GREEN BAY – Randall Cobb is not full strength, but the Packers’ star receiver vowed to do whatever it takes to play on Sunday in Chicago.
“Obviously, I’m going to be dealing with a lot of pain, but that’s part of it,” Cobb said of the shoulder sprain that sidelined him for the final week of the preseason. “I’m just going to work through this week and try to get ready. I have to be out there for my teammates.”
Listed as a limited participant in Wednesday’s practice, Cobb expects to be dealing with some limitations for a few weeks. He said his catching radius isn’t what it normally is, and he’s trying different types of padding to help protect his shoulder.
Once game time rolls around, though, any concerns and experiments have to cease, at least temporarily.
“I’m going to do my best to fall a certain way and fall the right way, but I can’t help it if a guy lands on top of me,” Cobb said. “I’m going to do everything I can to protect myself, but I have to play fearless. I’ve always been a fearless player.”
His teammates have come to expect that attitude from Cobb, who has only missed two games in his career outside of an extended absence in 2013 due to a broken leg.
“It means he’s a Packer,” QB Aaron Rodgers said. “That’s how we do things. We lace it up, put our bodies on the line for our team. It’s a tough injury for him.”
The need for Cobb to play is obvious as the offense embarks on its first game without Jordy Nelson since December 2012.
It helps that the offensive line is healthy. Center Corey Linsley was the only member of the starting unit not to deal with some kind of injury in training camp, with left tackle David Bakhtiari (knee) and right guard T.J. Lang (concussion) missing the most time. Left guard Josh Sitton and right tackle Bryan Bulaga also nursed minor ankle injuries.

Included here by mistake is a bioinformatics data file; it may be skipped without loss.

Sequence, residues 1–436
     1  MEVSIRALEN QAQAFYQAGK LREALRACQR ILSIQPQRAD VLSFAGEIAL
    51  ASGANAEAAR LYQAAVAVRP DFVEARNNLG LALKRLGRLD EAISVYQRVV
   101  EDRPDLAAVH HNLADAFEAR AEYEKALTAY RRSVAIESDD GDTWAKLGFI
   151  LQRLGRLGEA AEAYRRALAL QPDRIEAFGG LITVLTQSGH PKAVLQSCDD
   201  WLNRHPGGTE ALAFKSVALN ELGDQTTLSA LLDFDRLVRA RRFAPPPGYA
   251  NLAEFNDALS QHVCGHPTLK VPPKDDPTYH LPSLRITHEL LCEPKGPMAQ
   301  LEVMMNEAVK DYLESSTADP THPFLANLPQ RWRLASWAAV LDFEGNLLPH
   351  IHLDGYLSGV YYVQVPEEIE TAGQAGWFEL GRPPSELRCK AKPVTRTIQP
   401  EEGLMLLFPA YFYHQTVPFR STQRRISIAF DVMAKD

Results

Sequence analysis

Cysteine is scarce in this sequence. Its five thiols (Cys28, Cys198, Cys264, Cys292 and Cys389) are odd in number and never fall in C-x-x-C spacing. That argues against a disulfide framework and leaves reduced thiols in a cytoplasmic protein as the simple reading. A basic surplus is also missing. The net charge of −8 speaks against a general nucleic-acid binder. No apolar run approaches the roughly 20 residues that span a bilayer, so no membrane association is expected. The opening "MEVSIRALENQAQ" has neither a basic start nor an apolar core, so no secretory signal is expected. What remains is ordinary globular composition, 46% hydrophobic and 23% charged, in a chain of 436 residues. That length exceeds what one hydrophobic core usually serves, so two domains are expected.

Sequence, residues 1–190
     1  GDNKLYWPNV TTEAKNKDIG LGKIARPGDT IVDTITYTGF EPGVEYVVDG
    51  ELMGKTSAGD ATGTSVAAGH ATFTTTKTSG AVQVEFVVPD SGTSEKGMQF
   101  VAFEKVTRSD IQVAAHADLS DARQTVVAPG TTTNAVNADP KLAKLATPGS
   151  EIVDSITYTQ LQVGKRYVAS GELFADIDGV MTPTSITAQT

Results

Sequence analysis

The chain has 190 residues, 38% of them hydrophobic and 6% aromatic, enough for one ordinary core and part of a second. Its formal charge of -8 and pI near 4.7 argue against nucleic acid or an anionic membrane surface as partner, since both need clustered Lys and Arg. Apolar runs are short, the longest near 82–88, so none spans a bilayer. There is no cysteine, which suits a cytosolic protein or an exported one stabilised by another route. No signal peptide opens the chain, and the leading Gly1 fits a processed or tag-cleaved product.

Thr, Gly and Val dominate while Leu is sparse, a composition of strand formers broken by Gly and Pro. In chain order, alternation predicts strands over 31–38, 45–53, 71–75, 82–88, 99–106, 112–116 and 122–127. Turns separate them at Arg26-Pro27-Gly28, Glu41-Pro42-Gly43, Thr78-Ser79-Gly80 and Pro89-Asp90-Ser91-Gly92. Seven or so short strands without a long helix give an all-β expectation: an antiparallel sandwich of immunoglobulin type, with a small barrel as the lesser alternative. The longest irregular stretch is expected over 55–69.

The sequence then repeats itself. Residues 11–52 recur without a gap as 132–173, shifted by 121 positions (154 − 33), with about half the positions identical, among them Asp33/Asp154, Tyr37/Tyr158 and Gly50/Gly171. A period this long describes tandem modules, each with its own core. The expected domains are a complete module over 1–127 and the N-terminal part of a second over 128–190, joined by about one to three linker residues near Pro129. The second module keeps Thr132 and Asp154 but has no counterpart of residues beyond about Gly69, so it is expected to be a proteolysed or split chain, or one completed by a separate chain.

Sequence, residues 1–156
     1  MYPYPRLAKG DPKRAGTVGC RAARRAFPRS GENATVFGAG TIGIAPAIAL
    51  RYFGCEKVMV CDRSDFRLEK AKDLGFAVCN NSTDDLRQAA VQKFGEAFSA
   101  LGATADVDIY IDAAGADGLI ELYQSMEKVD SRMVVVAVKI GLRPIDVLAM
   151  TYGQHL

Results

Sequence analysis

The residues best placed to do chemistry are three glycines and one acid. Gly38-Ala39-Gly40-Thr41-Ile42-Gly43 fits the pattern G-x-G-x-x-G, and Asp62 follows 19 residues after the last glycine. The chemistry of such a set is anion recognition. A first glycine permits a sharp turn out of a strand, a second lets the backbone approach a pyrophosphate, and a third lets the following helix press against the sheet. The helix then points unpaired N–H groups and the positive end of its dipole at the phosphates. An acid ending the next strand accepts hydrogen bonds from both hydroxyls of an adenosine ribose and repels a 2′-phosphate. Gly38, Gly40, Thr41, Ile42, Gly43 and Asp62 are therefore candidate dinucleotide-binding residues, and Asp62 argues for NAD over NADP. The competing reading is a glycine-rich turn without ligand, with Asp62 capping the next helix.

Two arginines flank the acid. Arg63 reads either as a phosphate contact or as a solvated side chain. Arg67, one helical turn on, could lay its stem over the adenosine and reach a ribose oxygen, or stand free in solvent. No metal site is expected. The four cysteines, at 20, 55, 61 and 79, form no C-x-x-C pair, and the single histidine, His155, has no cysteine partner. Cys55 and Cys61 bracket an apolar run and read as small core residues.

Not a single member of the offensive line is listed on the injury report this week, though, so it appears to be all systems go. Until Wednesday, the starting unit hadn’t taken any snaps together since early August, but internally there are no concerns about continuity and cohesiveness for the opener. The first of the week’s three practices was a positive step.
“We have 16 regular-season games we can build off of as a unit,” Bakhtiari said, referring to last season. “We’ve all grown together.
“To me, (Wednesday’s practice) kind of felt like riding a bike again. Going out there, me and Josh, we felt good, we felt synced up, which was nice. Same thing with Corey, hearing his declarations and everything. It just felt very fluid. It just doesn’t feel like a beat missed.”
Rodgers and veteran receiver James Jones are getting back in tune as well, as Jones practiced with his old QB for the first time. Jones said other than a few new plays and signals, he doesn’t feel there’s a lot of catching up to do. His chemistry with Rodgers won’t return overnight, but he chalked up Wednesday to a good first effort.
Rodgers was all smiles discussing what it meant to have a player he called one of his favorite teammates back on the field. He referred to the “stability” Jones brings to the receiving corps and to all the trust he built up with Jones over the years. Rodgers didn’t sound as though he’d have any reservations about targeting him sooner than later.
“It might take a little bit to get back with the terminology and the route-running and stuff, but we played together for a long time, completed a lot of passes to him, a lot of touchdowns,” Rodgers said. “I feel good about him being out there.”
Jones is a far more familiar face to Rodgers than some of the Bears defenders he’s been studying. Gone are longtime stalwarts such as Brian Urlacher, Lance Briggs and Charles Tillman, along with Chicago’s traditional 4-3 scheme.
New coordinator Vic Fangio has installed a 3-4 that features free-agent acquisition Pernell McPhee as a primary pass rusher, veteran Jared Allen at a new position (outside linebacker) and rookie Eddie Goldman on the nose.
“You look at that roster, there’s not a lot of names you recognize playing against,” Rodgers said. “A lot of times when you get in these games, you’ve played against them so many times, the same defenses, it’s more just a refined preparation.
“But this is kind of like when you’re playing one of those every-four-year games against the AFC East or South opponent that you don’t see a whole lot, so you have to put some extra preparation in.”
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